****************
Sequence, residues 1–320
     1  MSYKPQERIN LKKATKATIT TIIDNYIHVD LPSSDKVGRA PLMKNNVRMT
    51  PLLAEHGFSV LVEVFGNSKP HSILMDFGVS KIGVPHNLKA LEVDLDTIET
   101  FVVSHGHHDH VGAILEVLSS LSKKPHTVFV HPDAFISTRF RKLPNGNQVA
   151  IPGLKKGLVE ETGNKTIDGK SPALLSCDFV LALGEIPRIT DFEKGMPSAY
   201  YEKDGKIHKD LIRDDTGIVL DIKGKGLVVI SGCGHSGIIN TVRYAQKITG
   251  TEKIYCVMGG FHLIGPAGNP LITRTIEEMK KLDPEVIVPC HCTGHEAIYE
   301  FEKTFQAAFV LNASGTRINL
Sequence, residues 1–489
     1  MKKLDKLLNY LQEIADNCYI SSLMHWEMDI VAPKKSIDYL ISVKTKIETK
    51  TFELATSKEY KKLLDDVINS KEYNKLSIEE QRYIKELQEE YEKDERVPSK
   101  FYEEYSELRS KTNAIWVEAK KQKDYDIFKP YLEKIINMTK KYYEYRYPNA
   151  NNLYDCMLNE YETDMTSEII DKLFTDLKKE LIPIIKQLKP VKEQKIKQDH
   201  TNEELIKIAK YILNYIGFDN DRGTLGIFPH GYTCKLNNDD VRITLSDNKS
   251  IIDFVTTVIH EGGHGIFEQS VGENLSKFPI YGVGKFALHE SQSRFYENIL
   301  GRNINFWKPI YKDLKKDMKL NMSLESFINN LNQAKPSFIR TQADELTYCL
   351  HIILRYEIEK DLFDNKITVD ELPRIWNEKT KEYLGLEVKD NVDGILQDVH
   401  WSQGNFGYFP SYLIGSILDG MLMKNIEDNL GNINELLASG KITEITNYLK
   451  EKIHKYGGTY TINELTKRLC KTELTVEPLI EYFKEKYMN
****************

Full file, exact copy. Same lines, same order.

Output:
Sequence, residues 1–320
     1  MSYKPQERIN LKKATKATIT TIIDNYIHVD LPSSDKVGRA PLMKNNVRMT
    51  PLLAEHGFSV LVEVFGNSKP HSILMDFGVS KIGVPHNLKA LEVDLDTIET
   101  FVVSHGHHDH VGAILEVLSS LSKKPHTVFV HPDAFISTRF RKLPNGNQVA
   151  IPGLKKGLVE ETGNKTIDGK SPALLSCDFV LALGEIPRIT DFEKGMPSAY
   201  YEKDGKIHKD LIRDDTGIVL DIKGKGLVVI SGCGHSGIIN TVRYAQKITG
   251  TEKIYCVMGG FHLIGPAGNP LITRTIEEMK KLDPEVIVPC HCTGHEAIYE
   301  FEKTFQAAFV LNASGTRINL
Sequence, residues 1–489
     1  MKKLDKLLNY LQEIADNCYI SSLMHWEMDI VAPKKSIDYL ISVKTKIETK
    51  TFELATSKEY KKLLDDVINS KEYNKLSIEE QRYIKELQEE YEKDERVPSK
   101  FYEEYSELRS KTNAIWVEAK KQKDYDIFKP YLEKIINMTK KYYEYRYPNA
   151  NNLYDCMLNE YETDMTSEII DKLFTDLKKE LIPIIKQLKP VKEQKIKQDH
   201  TNEELIKIAK YILNYIGFDN DRGTLGIFPH GYTCKLNNDD VRITLSDNKS
   251  IIDFVTTVIH EGGHGIFEQS VGENLSKFPI YGVGKFALHE SQSRFYENIL
   301  GRNINFWKPI YKDLKKDMKL NMSLESFINN LNQAKPSFIR TQADELTYCL
   351  HIILRYEIEK DLFDNKITVD ELPRIWNEKT KEYLGLEVKD NVDGILQDVH
   401  WSQGNFGYFP SYLIGSILDG MLMKNIEDNL GNINELLASG KITEITNYLK
   451  EKIHKYGGTY TINELTKRLC KTELTVEPLI EYFKEKYMN